Finally I asked my editor what was up, and she told me that the word ‘healthy’ is too subjective. It’s also been co-opted by diet culture, so it’s sort of a loaded term. On any given minute, you can find ‘healthy’ versions of any recipe under the sun, and it’s anybody’s guess what makes them ‘healthier’ than their regular counterparts. The ingredients? The satisfaction they give the person eating them? Who knows. Why, if I want an Oreo, is kale a ‘healthier’ choice? Wouldn’t it be more emotionally nourishing for me to eat the Oreo, get the fuck over it, and move on?
While a ‘nourishing meal’ is a term that can mean physically and emotionally giving nourishment, which is a more holistic and organic term, the definition of a ‘healthy meal’ can change depending on the year and the person.
It’s a struggle for me to not use the word ‘healthy’ in any of my writing, but I try not to, for these reasons.
Even though some of my colleagues who I absolutely love and respect use this term to describe food, I refuse to use it myself.
‘Skinny’ where it relates to food, infers a superiority over the ‘not-skinny’ version. I believe this carries over to how in our culture, skinny as a body type is valued more than ‘fat’. Being thin also doesn’t mean that someone is happy or healthy.
I know some of you will say I’m overreacting, which is fine by me. I still cringe when I hear somebody order a ‘skinny’ latte or ‘skinny’ margarita.
No food is toxic in normal quantities, and your body deals with its ‘toxins’ quite well, thank you very much.
These words are used by fear-mongers who want to sell you a cleanse, a diet, or some sort fix for the idea that there’s something wrong with you and food you eat.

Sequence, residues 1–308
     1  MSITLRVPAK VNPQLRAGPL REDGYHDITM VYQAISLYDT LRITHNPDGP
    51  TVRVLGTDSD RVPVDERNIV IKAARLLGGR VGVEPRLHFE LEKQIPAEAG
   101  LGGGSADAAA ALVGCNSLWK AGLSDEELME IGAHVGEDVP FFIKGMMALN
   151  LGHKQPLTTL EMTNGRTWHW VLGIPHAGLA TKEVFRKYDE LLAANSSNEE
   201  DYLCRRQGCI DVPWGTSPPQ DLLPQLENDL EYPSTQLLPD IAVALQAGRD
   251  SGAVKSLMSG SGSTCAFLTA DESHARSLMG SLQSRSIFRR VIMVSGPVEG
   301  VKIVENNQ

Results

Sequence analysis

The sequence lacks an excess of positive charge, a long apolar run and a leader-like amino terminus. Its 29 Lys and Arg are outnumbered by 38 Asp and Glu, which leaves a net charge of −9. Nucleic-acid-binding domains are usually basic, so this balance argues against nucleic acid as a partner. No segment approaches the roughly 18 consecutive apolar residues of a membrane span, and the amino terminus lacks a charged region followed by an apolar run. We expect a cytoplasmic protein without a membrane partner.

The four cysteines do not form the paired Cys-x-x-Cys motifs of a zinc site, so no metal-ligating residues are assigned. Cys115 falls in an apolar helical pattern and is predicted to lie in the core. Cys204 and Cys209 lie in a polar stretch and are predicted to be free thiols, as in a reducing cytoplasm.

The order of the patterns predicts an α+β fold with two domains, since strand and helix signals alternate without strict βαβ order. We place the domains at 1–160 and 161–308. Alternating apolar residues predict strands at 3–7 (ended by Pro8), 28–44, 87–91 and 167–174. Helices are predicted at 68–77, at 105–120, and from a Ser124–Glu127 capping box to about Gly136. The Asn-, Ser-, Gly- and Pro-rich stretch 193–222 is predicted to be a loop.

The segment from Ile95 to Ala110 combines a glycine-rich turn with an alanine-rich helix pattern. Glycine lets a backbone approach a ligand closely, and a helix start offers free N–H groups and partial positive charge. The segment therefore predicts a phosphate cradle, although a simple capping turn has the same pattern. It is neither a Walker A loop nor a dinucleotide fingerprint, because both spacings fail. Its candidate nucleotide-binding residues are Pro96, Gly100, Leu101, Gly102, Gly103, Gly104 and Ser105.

In fact, our food supply is the safest it has ever been.
Honestly, as soon as a person uses either of these words in relation to food, I tune out.
I’m including this one in here because it’s often used to describe the results of diet programs. As in, ‘transform your life with this diet!’
I just want to say that no diet transforms your life in every way. Sure, you might look different if you lose weight, but all the weight loss in the world won’t cure your problems. Far too many people believe that losing weight will immediately improve their lives, relationships, issues, finances, and everything else that bothers them.
Weight loss isn’t the prince on a white horse in a Disney movie, coming to sweep you away to a magical life. You’ll still have to deal with shit like your asshole boss, your prying mother in law, and your broken down car. And if you have emotional issues behind everything, they’ll still be there, too.
The concept of willpower where it relates to diets was invented to make you feel like shit about yourself when really, it’s your diet that’s the problem. I wrote about this topic here, but let it be known that:
Blaming yourself for ‘failing’ on a diet that sets you up to fail, has nothing to do with willpower.
Craving food and eating when you’re underfeeding yourself has nothing to do with willpower.
Breaking down and eating cake when you’re telling yourself that you can’t have cake, has nothing to do with willpower.
Grabbing tons of carbs when you’re stressing yourself out with diets and starvation and #thinspo has nothing to do with willpower.
It has to do with hormones, emotions, and your body giving you overwhelming signals that you’re not treating it properly. Willpower doesn’t even enter into the equation.
Let’s stop talking about willpower and diets, okay?
Use these words instead:
Like we talked about earlier, there’s a difference between healthy and nourishing.
If you’re trying to lose weight, try using the word ‘journey’ instead of ‘diet’. Journeys imply a longer-term trip that can have bumps and stops as well as progression. Diets are usually just punitive sadness.
As in, I’m hungry, and that’s a good thing. Listening to your body’s cues and honouring them is healthy and normal. You wouldn’t ignore your need to pee, so don’t ignore your need to eat.
Instead of complaining about how ‘fat’ you feel after a huge meal, just say you’re full. Period.